Another rainy day and we are both still pregnant. However, Bill says that I am beginning to "point". Instead of the normal round look of a pregnant mare, the conformation changes. Shortly before foaling, the foal changes position. It gets into a sort of a sitting position with its' front legs pointing toward the birth canal. The change of position and the added pressure causes the conformation to take on a look that Bill calls "pointing". This generally happens when a mare is within a couple of days of foaling.
Courtly is not pointing yet, but the muscles around her tail are beginning to soften up. All mares do not point, but most of them do.
All for now, Maybe tomorrow?......Colony.
MARCH 16, 2012:
There has been little change since yesterday, including the rainy weather.
It's well after midnight and Bill just checked us over and fed us our grain and carrots. I'm more than two weeks overdue now and if it weren't for the late night visits and treats I would be very frustrated. I've always been between two and ten days over, but never have I carried one this long. I'm going to convince myself that it's taking longer because it's a special one. Of course I always think all my babies are special.
I promised to tell you something about the sire of my foal. His name was Olympio. I say "was" because unfortunately he passed away last Fall. This will be one of his last foals.
Olympio was a very fine race-horse. He started four times as a two-year-old and won twice including a graded stakes race at Hollywood Park.
At three he won seven stakes and placed in three others from only eleven starts. He won The Hollywood Derby, the Oaklawn Derby and The American Derby, earning over a million dollars. He retired at four, earning $1,456,315.
Tomorrow, if I haven't foaled, I'll tell you about his foals.
Time for bed. Goodnight.....Colony.
MARCH 18, 2012:
I apologize for not making a diary entry yesterday. Bill said that he is to fault, not me. It was a long day for him and he just didn't get it done.
Today was a mixture of showers and some sunshine, but still no foals. All I can say is that I, along with Courtly are one day closer to foaling.
I'll continue my talk about the sire of my foal. Olympio had a rather remarkable record. He sired twenty-nine Stakes Winners and an additional twenty who placed in Stakes races. His foals earned nearly nineteen million dollars. My baby will be one of his last foals. Actually, at the rate it's going, it may be the last.
I understand that my foal will be sold in a yearling sale next year, unless it's sold privatly before that.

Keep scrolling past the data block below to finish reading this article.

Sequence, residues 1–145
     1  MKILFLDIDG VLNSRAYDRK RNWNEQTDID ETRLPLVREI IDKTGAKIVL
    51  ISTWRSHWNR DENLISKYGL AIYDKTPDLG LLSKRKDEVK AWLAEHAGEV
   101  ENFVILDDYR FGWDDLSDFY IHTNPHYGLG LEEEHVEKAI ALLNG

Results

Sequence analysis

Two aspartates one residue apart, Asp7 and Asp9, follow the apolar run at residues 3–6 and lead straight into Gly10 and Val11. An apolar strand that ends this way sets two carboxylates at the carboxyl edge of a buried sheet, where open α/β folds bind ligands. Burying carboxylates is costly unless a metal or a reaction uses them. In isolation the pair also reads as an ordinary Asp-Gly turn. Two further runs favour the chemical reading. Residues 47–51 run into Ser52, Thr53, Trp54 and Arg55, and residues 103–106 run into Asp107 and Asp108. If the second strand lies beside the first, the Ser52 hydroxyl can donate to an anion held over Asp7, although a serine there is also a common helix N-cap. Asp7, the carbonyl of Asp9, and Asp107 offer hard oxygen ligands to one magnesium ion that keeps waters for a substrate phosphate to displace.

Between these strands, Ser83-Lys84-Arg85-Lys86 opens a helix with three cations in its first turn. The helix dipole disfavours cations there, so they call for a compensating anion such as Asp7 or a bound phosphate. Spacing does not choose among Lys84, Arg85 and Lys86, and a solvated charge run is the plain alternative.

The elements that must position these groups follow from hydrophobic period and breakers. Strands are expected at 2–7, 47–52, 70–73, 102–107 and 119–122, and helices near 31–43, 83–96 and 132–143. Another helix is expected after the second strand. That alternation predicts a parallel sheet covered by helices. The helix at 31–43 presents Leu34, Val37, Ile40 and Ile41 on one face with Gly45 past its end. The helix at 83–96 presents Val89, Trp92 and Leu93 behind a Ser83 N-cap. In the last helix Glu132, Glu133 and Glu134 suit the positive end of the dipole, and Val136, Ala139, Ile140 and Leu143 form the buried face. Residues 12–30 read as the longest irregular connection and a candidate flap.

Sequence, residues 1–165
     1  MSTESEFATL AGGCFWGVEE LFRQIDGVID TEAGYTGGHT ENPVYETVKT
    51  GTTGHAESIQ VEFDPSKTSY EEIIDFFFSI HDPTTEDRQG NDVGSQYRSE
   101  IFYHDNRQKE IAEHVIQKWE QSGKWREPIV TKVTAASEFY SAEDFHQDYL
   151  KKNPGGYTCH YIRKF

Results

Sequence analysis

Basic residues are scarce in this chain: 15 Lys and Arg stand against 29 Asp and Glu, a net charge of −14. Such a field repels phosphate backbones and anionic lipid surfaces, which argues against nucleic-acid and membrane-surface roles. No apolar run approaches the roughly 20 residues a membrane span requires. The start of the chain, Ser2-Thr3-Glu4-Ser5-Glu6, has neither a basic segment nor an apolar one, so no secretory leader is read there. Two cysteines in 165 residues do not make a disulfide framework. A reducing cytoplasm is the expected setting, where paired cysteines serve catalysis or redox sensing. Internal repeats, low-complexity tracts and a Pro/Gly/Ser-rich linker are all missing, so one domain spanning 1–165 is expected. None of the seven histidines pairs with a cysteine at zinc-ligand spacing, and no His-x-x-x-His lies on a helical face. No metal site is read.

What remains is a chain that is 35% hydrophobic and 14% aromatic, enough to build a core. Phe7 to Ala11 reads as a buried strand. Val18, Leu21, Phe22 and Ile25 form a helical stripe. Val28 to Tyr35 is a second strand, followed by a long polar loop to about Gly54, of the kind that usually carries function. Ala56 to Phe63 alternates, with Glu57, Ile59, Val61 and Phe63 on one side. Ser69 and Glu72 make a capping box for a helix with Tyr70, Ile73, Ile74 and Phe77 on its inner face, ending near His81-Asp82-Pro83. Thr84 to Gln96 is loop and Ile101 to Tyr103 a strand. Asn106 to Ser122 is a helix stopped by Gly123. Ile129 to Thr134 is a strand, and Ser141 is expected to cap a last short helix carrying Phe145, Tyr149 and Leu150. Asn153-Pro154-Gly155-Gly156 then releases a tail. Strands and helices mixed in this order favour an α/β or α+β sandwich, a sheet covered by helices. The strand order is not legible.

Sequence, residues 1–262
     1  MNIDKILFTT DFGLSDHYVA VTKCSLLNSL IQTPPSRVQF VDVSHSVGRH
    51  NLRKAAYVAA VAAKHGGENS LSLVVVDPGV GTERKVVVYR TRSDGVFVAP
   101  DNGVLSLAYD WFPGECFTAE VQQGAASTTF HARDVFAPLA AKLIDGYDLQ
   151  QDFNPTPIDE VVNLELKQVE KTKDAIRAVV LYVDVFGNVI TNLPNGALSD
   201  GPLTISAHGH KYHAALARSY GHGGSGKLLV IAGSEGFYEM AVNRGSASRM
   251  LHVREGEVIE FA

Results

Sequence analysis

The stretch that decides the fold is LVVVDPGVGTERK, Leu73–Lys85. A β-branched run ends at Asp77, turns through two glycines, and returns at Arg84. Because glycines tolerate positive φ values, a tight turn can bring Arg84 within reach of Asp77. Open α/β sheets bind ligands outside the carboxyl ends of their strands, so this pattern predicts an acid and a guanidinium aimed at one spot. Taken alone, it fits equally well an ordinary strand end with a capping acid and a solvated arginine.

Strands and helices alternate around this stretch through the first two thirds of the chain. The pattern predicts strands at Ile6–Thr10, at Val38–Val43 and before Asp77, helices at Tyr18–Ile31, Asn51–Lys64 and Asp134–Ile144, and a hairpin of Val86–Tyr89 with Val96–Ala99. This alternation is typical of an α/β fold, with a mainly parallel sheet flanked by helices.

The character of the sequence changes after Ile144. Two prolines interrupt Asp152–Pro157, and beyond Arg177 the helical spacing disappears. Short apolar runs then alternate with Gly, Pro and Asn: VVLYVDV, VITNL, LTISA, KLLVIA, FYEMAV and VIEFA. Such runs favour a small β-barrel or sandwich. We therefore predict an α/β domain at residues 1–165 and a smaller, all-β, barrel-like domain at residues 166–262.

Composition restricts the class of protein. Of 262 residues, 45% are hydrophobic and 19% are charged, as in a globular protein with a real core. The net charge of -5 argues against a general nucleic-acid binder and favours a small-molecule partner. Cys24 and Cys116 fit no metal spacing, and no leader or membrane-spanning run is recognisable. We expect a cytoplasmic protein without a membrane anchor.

I hope I'll have foaling news tomorrow.
Thanks for reading my diary.....Colony.
MARCH 19, 2012:
Unbelievable! Courtly Colors and I just seem to be in a holding pattern. Neither of us appear to be any closer to foaling than we were two weeks ago, Of course the only sure thing is that we ARE two weeks closer than we were two weeks ago.
Bill says that I should remind people what is expected in a "normal" foaling. (If there is such a thing)
On the average, mares foal 340 after conception. About three or four weeks prior to foaling, the mare shows signs of starting to make a milk bag. A few days prior to foaling, the foal changes position and the mare develops a "pointing" shape to her belly. Any where between a few hours and a few days prior to foaling the mare begins to develop "wax" on her teats. However, some mares never do wax. Shortly before foaling most mares become restless and begin walking around their stalls. Just before they lie down to foal, they begin to show warmth and begin sweating.
Now, that's the text book foaling process. As you realize by now, all mares do not read the text book. Courtly and I are an example of that.
Oh well, maybe tomorrow will be the day....Colony.
March 20, 2012:
What a lovely spring day this was, but no foals as yet.
The farrier was here today and our feet are trimmed. Our foals may not notice, but we feel better and want to make a good first impression on our little ones.
It's a bit after 1:00 A.M. and Bill just came by to see how we were doing and give us our late feeding. He seems to think that we are both ready to foal and should do so before the week-end.
Courtly and I have both never foaled before 1:00 A.M. and never during daylight hours. Bill says that they have about 25% of their foaling during the day. That's very unusual. He feels that it is because the mares feel secure and comfortable at Mares' Nest. It is a quiet place with little noise.
All for now.....Courtly.
MARCH 21, 2012:
Still no foals. I'm going to skip a day or so making entries in my diary. Everything appears to be normal. We are just slow in getting the job done.
As soon as something interesting occurs, I'll be here to let you know. I hope it's tomorrow.
March 28, 2012:
Finally something to report.
Yesterday, my Doctor came out to check out Courtly and myself. He felt that everything was normal, excepting the length of gestation. At about 9:30 P.M. this evening, I began to feel warm and to sweat slightly. At 9:40 I began to have labor pains. My people bandaged my tail and added some additional straw to my stall. The pains were light at first, but became heavier.